A study has finally revealed why some people seem to be immune to SARS-CoV-2, even without vaccination. These individuals have a specific immune response located in the nasopharyngeal mucosa that prevents the virus from spreading and causing a prolonged infection. These findings could lead to new therapeutic strategies not only against COVID-19 but also for other epidemic-prone infections.

Symptoms of SARS-CoV-2 infection are caused by acute immune disruptions triggered by its spread in the body. Studies have shown that alterations in type 1 interferon responses (a protein that regulates the immune system) and an overactivation of T and B lymphocytes are linked to potentially fatal outcomes.

However, the immune reactions associated with SARS-CoV-2 infection are still largely not understood. This is partly due to the fact that responses to infections are highly heterogeneous due to various factors, including viral load, strain or variant, time since infection, underlying pathologies, etc.

On the other hand, the exact timing of a patient’s first exposure to SARS-CoV-2 is almost always impossible to determine. This makes it difficult to precisely delineate the temporal responses associated with virus infection, hindering the development of appropriate treatments.

To address these gaps, an international team led by the Imperial College of London conducted an experiment infecting healthy volunteers with SARS-CoV-2 to explore immediate immune responses post-infection. This allowed researchers to observe immune responses when encountering a new pathogen in adults without COVID-19 history.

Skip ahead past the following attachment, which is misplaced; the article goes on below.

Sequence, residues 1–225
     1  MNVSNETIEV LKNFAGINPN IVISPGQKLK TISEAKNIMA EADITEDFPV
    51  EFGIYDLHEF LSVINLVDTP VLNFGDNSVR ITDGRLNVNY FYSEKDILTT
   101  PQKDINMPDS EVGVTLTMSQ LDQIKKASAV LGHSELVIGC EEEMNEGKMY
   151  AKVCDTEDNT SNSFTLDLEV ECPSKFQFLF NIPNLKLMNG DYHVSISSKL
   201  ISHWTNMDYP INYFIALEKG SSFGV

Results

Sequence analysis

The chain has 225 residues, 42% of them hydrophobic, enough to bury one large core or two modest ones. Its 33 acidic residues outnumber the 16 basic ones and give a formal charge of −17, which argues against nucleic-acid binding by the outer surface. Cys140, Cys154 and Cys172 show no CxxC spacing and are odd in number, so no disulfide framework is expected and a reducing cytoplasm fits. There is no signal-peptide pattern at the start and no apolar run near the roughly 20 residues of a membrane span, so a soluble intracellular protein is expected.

During the experiment, researchers found specific immune response sequences never seen before. Some volunteers tested positive for SARS-CoV-2 for more than two days with symptoms, showing a rapid immune response in the blood but a slower response in the nasal mucosa.

In contrast, some participants tested positive initially but remained asymptomatic. Others consistently tested negative despite exposure and showed no symptoms. Analysis revealed that those who remained asymptomatic had a higher interferon response in the nasopharynx, preventing deeper and prolonged infection.

These unique responses are linked to the activation of a gene called HLA-DQA2, helping prevent prolonged infections. These individuals also showed different responses in T cells and macrophages, indicating the potential for targeted T-cell therapies for COVID and other infectious diseases.

The study, detailed in the journal Nature, could impact the development of next-generation interventions against SARS-CoV-2 and other future epidemics and pandemics. However, it only focuses on the original strain of SARS-CoV-2 and not the new variants, which may affect the generalizability of the results outside a controlled trial. Nonetheless, these findings offer a better understanding of immune responses and may lead to new therapeutic or vaccine strategies in the future.